FARMINGTON -- Wanting to complete a nine-mile stretch of the Bonneville Shoreline Trail on the south end of Davis County has officials applying for a $75,000 grant to perform an environmental study on the project.
The application to the Utah Division of Parks and Recreation is to conduct an environmental assessment in realigning a stretch of public trail through Forest Service lands, said Davis County Planner Scott A. Hess.
On Tuesday, the Davis County Commission ratified the application, expected to be reviewed by the state in August.
The grant would be used to do an inclusive study of the 25-mile Bonneville Shoreline Trail within the county's borders, focusing on the "unfinished sections" of trail within U.S. Forest Service Lands, Hess said.
Any stretch of the Bonneville Shoreline Trail to be constructed would be for nonmotorized use only, with the trail 3 to 4 feet wide and consisting of a natural surface, Hess said.
The largest section of unfinished trail in Forest Service lands stretches north nine miles from the county's south border, to the Bountiful High School "B" on the mountainside -- about 400 North in Bountiful, Hess said.
A portion of the designated trail that currently exists through that area is a wide sidewalk along the east side of Bountiful Boulevard, said Barry Burton, Davis County director of planning.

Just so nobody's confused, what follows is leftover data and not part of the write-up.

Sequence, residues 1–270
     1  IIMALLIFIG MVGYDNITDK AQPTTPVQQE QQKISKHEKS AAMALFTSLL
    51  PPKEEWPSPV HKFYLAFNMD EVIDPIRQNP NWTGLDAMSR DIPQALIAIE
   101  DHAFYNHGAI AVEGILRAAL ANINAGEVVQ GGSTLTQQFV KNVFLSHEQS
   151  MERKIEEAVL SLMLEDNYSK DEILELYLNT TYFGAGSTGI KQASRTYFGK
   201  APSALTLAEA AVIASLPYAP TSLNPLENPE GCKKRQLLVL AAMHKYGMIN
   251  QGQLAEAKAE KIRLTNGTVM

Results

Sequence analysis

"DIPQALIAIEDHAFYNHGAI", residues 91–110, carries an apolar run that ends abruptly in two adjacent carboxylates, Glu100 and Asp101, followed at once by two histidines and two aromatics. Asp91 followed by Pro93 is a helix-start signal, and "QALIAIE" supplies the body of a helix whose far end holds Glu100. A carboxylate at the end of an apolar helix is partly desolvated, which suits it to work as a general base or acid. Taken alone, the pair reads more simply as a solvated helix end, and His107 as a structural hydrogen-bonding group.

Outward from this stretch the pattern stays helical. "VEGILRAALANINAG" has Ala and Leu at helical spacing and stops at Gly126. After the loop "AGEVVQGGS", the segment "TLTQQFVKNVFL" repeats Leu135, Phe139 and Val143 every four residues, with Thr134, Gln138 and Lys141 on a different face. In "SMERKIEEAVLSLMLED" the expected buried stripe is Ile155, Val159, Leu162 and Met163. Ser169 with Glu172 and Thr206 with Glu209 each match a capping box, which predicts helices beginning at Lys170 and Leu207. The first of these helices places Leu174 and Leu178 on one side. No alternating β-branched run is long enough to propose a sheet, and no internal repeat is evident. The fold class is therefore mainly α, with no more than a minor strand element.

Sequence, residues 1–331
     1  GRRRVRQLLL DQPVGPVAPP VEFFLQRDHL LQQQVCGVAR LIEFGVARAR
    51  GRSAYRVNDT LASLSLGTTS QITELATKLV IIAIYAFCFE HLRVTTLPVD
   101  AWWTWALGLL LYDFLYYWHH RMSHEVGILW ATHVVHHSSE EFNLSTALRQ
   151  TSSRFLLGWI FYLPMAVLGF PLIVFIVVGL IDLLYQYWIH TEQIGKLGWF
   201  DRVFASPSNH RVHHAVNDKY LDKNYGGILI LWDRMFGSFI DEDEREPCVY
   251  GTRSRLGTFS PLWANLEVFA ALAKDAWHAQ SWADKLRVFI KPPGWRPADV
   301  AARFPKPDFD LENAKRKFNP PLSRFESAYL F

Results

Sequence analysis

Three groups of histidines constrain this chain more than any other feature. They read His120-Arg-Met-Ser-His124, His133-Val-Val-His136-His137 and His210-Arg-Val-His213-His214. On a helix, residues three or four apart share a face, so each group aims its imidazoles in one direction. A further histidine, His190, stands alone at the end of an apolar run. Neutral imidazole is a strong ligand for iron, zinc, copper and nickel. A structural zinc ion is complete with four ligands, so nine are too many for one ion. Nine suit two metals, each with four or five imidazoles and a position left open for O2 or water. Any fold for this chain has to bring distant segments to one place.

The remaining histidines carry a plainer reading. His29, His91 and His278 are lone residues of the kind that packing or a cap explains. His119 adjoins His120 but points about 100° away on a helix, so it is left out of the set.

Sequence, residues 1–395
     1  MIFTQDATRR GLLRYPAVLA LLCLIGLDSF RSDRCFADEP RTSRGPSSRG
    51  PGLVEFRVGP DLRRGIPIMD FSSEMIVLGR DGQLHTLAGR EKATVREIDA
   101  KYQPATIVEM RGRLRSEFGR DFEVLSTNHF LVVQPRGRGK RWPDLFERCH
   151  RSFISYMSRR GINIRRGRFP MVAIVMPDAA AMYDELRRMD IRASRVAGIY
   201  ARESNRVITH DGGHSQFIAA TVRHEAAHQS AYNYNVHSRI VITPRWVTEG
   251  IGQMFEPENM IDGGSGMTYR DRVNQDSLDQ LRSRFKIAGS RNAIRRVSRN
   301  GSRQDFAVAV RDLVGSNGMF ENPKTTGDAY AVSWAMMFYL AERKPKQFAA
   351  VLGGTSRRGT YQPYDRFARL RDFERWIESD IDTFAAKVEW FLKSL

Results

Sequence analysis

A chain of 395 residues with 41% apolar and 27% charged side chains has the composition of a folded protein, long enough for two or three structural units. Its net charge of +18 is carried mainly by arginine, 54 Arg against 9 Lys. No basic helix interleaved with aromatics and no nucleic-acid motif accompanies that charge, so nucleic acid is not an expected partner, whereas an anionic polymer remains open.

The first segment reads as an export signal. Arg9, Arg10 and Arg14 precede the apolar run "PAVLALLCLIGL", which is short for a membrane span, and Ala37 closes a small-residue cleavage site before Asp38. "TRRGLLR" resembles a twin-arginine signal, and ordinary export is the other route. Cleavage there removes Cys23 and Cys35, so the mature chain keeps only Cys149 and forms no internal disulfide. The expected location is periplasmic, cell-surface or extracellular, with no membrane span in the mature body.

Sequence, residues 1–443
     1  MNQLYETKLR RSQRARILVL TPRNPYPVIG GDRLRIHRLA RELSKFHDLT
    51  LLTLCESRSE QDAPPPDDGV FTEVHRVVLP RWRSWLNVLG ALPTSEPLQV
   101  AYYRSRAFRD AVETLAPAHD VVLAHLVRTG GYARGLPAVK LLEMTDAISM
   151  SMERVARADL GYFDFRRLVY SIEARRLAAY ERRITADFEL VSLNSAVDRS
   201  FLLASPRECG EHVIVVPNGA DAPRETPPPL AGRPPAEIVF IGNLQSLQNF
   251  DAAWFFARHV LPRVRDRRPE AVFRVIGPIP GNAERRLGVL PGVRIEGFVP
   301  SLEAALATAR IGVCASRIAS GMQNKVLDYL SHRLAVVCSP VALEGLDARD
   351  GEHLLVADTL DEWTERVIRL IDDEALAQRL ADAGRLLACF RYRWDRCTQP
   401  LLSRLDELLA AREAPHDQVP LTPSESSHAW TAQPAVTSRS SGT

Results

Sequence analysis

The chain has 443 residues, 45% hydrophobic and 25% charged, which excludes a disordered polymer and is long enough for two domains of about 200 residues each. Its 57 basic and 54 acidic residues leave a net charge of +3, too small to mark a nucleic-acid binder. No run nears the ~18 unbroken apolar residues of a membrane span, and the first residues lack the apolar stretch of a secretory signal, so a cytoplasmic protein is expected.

"We want to realign the trail up above the housing," Burton said of relocating that uncompleted stretch further up the mountainside.
Before that can be done, an environmental assessment needs to be completed to determine the impact the trail would have on forest lands.
"So many things have to be done before you undertake a project like this," said Davis County Commissioner Louenda Downs.
But significant stretches of shoreline trail are already in place, she said, and this project would only add to the county's effort to complete its trail system.
Working in the county's favor is that Davis County cities with the Bonneville Shoreline Trail crossing their borders have expressed an interest in participating in the trail's completion, Downs said.
About 13.5 miles of unfinished Bonneville Shoreline Trail within the county rest within Forest Service lands, Hess said, the largest portion in south Davis County.
Officials are uncertain what it will cost to construct the 13.5 miles of uncompleted trail.
But should the county obtain the grant and should a study be done, Hess said, it would save the county from having to do future environmental assessments for each section of unfinished trail within U.S. Forest Service lands because the study would have a shelf life of eight to 10 years.
"This is a regional planning thing we're doing here," he said. "It is something that has been needed to be done for a long time."